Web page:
Thursday, March 22, 2012

ADHD is the Next Phase of Humanity


Of course it is! Those who have children with ADHD already knew this. Her ADHD is what makes my daughter able to teach herself German and Chinese and Japanese while taking 2 years of Latin in school. She's a talented artist whose art had already been displayed all over our state before she even left elementary school. Her brain thrives in situations where I become overwhelmed and feel overtaxed.

We tried medication, because it was suggested by her doctor that it might help her concentrate more at school. It was a total disaster. She was almost zombified by it. She couldn't even stay awake long enough to go to school and come home and eat dinner afterward. We thought it might improve after a few weeks, but it didn't. When my daughter came to me and told me that it made it impossible for her to make art and that it felt like something was blocking her thoughts, we took her off of it, IMMEDIATELY.

She's in high school now and she's learned how to compensate for her weaknesses. She's thriving and she's not drugged, which is more than I can say for a huge chunk of the adult population in this country.

She, and the others like her, are definitely the new model of humans. I have a moderately high IQ and her father is in the genius IQ rating. Though I can see where her father and I have a few of the traits she exhibits, it's very clear that she has a lot of abilities that we don't.

4 comments:

elle said...

this gives me hope--just wrote a post about my ADD, looked over and saw this in the left column of my blog. sleepy now because I took medicine so I could "focus."

Beth said...

If it really does make miracles in various fields then I will accept it as a form of evolution but if it brings more damage than good then I rather have it treated right away. It may seem that as the technology heightens more and more forms of diseases and disorders are discovered. I just wonder, could this be the result of the evolution of our technology or a glitch on our experiments?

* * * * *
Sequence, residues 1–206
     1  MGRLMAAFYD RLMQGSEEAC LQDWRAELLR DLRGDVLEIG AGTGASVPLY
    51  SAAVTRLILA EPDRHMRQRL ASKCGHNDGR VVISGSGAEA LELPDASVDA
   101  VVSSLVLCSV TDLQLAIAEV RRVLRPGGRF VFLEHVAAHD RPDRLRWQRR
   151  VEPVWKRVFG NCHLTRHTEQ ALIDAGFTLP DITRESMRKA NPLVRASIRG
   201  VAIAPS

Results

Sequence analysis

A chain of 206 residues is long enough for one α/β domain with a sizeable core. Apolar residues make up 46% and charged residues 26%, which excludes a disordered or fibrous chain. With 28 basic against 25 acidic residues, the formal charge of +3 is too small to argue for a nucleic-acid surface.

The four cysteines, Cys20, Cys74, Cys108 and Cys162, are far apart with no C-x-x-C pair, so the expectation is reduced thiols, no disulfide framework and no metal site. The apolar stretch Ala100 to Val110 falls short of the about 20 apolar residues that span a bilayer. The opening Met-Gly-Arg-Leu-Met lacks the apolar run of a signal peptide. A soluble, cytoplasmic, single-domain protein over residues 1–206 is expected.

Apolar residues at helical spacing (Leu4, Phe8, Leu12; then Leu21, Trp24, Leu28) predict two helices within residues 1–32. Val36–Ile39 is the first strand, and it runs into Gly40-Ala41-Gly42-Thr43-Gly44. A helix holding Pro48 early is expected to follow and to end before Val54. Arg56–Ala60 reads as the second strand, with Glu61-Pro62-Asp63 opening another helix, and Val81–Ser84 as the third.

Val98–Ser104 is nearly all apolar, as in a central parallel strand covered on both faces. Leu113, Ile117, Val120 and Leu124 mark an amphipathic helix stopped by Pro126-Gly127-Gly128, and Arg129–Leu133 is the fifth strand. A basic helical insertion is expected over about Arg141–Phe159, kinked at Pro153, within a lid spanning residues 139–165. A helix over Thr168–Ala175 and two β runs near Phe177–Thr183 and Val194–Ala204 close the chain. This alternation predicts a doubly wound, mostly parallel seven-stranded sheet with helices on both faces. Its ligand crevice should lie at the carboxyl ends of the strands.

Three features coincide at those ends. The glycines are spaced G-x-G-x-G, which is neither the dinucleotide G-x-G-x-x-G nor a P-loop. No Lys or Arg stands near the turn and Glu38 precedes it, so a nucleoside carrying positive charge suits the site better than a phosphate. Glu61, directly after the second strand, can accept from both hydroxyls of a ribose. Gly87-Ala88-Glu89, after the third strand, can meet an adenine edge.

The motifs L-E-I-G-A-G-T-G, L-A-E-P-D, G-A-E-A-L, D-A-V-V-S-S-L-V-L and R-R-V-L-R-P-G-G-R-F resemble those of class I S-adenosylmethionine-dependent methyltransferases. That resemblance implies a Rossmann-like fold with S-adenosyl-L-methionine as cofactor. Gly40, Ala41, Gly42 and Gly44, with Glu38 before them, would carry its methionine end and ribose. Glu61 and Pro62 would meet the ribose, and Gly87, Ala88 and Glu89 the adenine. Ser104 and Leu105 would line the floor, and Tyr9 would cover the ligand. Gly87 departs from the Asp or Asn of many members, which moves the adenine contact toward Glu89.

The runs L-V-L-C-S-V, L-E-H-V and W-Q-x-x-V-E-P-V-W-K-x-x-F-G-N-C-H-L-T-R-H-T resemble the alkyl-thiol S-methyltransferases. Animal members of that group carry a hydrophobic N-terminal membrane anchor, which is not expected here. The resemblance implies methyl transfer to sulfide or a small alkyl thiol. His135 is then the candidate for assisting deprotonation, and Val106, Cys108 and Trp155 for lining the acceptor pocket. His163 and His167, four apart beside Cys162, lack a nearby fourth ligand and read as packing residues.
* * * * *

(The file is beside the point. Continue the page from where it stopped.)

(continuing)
Elizabeth McClung said...

I'm glad it is working for her, and that she has parents and a school support network that allows her to mentally thrive. I can't think of a time growing up when I was not unbearably bored, and 'clamped down' at home and school (when you turn in a 'transliteration of The Rise and Fall of the Roman Empire' while learning Japanese and Calculus during the boring bits in class, and are constantly chastised, I am sure I would have been on pills if they had existed at the time: from a petition of teachers.

I am SOO glad that your daughter isn't experiencing that. Good luck on the Japanese and German - is she doing the Kanji and Haragana? The manga with english on one side and Kanji on the other are good, as are the Ranma in Kanji (has lots of practice for gender and sibling/parent relationship words - boku, ore, etc).

Lindsay said...

Good for her! I envy folks with ADHD traits sometimes --- it has always been hard for me to shift gears mentally. (Training me to do this was actually the focus of a lot of the special ed I had in elementary school. I would seriously FREAK OUT if the teacher started on a new subject while I was still working on something.) I like my hyperfocus ability, and my sensory hypersensitivities and my unfiltered perceptions means that the world is breathtakingly beautiful to me, but having more of the ADHD person's mental flexibility might enable me to, say, drive a car. :|